IAEA Board of Governors Meeting, Agenda Item 7(d): Implementation of the NPT Safeguards Agreement in the Syrian Arab Republic
U.S. statement as delivered by Chargé d’Affaires a.i., Louis L. Bono
Vienna, Austria, March 3, 2021
Good evening and thank you, Madam Chair.
The United States thanks the Director General for his update. We commend the DG and the Department of Safeguards for their unwavering professionalism and continued readiness to cooperate with Syria to resolve its longstanding noncompliance, once Syria demonstrates the political will to do so.
Our next meeting in June will mark the passage of 10 years since this Board first adopted a resolution finding Syria to be in noncompliance with its safeguards agreement and calling on Syria to urgently cooperate with the Agency to remedy its noncompliance. Nearly a decade later, the IAEA has repeatedly reaffirmed the technical assessment underlying the Board’s resolution that the facility destroyed in September 2007 in the Syrian province of Dair Alzour was likely a nuclear reactor that should have been declared to the IAEA, and which had features comparable to the gas-cooled, graphite-moderated reactor at Yongbyon in the DPRK. The Agency’s findings in this regard point to a clear and unsettling reality – that, as of 2007, Syria was working with the DPRK to build an undeclared reactor ideally suited to produce fissile material for nuclear weapons.
Despite the seriousness of these concerns, Syria’s response over the past decade has been neither urgent, nor cooperative. The DG’s September 2020 report confirms that Syria has not engaged substantively with the Agency about the Dair Alzour facility and related sites since 2008. Instead, Syria has spent the last decade stonewalling the Agency’s investigation, while proffering a litany of unconvincing half-truths and conspiracy theories to divert attention and discredit the Agency’s technical conclusions. For our part, the United States continues to have full confidence in the independence, impartiality, and professionalism of the IAEA Secretariat in drawing safeguards conclusions based on all the information available to it. We urge all Member States to reject efforts by Syria and its patrons to shift blame and distract from Syria’s failure to fulfill its obligations.
Despite the passage of time and Syria’s perennial intransigence, we must not lose sight of the critical, ongoing importance of this issue. The imperative for Syria to address all of the IAEA’s outstanding questions about its undeclared activities is not merely about resolving interesting historical questions or checking a procedural box. As long as safeguards-relevant questions remain regarding the possibility of undeclared nuclear material or fuel cycle activities in Syria associated with the clandestine reactor project at Dair Alzour, the IAEA will not be in a position to provide necessary assurances to the international community that the Syrian nuclear program is exclusively peaceful today and into the future. Resolving Syria’s safeguards noncompliance is thus crucial to preserving the credibility of the IAEA safeguards system and upholding the integrity of the Nuclear Non-Proliferation Treaty. In this regard, we recall the joint statement issued by 52 Parties at the 2019 NPT Preparatory Committee meeting, which emphasized that full compliance with obligations under the NPT and IAEA safeguards agreements is at the heart of the shared security benefits enjoyed by all NPT Parties, and which called on Syria to cooperate with the IAEA without further delay.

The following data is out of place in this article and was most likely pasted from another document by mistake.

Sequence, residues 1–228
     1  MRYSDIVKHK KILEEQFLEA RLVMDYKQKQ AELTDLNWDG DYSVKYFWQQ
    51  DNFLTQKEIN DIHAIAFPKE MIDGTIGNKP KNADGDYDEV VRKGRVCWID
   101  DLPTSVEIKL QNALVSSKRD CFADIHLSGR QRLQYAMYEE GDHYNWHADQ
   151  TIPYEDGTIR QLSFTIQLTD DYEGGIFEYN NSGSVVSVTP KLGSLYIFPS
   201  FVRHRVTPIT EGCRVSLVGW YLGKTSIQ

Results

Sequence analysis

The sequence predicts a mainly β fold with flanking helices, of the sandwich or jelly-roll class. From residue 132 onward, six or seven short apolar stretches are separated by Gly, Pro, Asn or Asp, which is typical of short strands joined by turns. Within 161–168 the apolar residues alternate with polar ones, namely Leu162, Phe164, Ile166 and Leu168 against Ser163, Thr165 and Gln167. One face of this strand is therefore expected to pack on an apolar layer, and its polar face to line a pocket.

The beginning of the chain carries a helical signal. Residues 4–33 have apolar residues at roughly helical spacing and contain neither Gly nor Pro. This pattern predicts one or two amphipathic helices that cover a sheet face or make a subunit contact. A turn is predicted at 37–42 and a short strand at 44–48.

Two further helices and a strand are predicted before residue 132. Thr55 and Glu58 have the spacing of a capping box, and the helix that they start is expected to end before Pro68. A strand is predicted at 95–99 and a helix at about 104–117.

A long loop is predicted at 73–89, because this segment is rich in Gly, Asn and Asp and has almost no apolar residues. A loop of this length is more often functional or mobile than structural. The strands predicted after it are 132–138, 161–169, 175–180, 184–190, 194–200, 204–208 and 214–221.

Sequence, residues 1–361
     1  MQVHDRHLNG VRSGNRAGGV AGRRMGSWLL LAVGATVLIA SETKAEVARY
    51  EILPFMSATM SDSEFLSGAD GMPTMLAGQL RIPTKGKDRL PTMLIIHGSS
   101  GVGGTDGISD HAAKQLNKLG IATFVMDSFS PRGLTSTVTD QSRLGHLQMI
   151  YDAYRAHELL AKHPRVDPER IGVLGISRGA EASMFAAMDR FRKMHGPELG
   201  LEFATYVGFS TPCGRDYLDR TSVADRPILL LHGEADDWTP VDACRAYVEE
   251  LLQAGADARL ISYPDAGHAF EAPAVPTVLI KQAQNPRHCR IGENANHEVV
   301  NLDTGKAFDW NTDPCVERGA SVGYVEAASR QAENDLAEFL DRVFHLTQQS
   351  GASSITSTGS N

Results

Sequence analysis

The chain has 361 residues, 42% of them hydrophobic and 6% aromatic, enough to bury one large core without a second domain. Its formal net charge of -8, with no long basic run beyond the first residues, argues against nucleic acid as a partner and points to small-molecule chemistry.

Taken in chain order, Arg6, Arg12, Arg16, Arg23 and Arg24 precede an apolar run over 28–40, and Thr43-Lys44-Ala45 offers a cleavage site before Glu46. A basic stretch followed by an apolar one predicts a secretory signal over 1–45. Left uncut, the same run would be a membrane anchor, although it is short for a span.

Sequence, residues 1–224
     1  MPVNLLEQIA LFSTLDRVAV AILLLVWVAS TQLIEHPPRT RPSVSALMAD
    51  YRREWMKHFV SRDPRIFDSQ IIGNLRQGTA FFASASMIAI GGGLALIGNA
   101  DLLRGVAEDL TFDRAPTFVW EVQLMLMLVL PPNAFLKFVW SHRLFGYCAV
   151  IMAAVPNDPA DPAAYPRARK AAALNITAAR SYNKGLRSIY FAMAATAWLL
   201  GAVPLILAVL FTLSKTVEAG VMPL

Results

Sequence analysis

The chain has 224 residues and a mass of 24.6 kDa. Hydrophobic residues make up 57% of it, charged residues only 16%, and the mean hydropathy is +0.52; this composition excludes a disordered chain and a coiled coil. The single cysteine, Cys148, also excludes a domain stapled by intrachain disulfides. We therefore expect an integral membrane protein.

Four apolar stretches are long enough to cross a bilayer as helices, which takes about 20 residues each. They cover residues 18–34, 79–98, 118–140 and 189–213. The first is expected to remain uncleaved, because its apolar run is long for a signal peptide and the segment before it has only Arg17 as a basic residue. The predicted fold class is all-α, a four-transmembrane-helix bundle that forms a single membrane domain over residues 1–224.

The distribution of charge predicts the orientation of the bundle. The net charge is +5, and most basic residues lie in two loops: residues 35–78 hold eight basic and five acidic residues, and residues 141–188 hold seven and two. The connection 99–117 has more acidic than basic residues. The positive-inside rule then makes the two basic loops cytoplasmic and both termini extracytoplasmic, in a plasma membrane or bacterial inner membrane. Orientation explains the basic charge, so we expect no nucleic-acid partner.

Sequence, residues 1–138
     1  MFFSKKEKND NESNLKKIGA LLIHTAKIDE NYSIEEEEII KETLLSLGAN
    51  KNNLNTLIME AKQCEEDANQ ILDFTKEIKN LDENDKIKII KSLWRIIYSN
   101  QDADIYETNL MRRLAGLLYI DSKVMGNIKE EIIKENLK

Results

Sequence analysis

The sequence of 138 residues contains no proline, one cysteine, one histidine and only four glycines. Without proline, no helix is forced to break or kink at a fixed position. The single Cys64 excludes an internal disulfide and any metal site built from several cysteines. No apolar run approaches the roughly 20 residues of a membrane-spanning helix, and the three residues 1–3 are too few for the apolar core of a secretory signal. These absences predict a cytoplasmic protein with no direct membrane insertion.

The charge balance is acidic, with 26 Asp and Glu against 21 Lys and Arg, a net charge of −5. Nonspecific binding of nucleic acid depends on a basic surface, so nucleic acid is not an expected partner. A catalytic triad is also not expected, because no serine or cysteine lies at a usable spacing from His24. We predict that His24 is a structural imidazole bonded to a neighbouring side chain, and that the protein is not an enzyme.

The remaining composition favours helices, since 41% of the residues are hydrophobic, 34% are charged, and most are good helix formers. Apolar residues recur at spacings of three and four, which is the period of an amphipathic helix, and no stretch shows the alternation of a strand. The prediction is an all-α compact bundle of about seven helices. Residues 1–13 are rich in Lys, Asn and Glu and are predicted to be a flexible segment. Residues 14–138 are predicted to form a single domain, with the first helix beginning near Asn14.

The time for delay, obfuscation, and empty rhetoric has long passed. The DG has reiterated his willingness to work with Syria. We urge Syria to heed his call without delay and to provide the Agency with access to all sites, information, materials, and persons necessary to resolve questions about the peaceful nature of its nuclear program, including the three sites identified by the Agency as having a functional relationship to the Dair Alzour site. Until Syria provides such cooperation, it is essential that the Agency continue to keep the Board apprised of developments, and the Board must remain seized of the issue and be prepared to consider further steps as necessary, including potential action under Article XII.C of the Statute and Articles 18 and 19 of Syria’s safeguards agreement.
We look forward to continued updates from the DG and request that this issue remain on the agenda for the Board’s next regularly scheduled meeting, and for all future meetings until the Agency is able to confirm that Syria’s nuclear program is exclusively peaceful and the Board has determined that Syria’s noncompliance has been resolved.
Thank you, Madam Chair.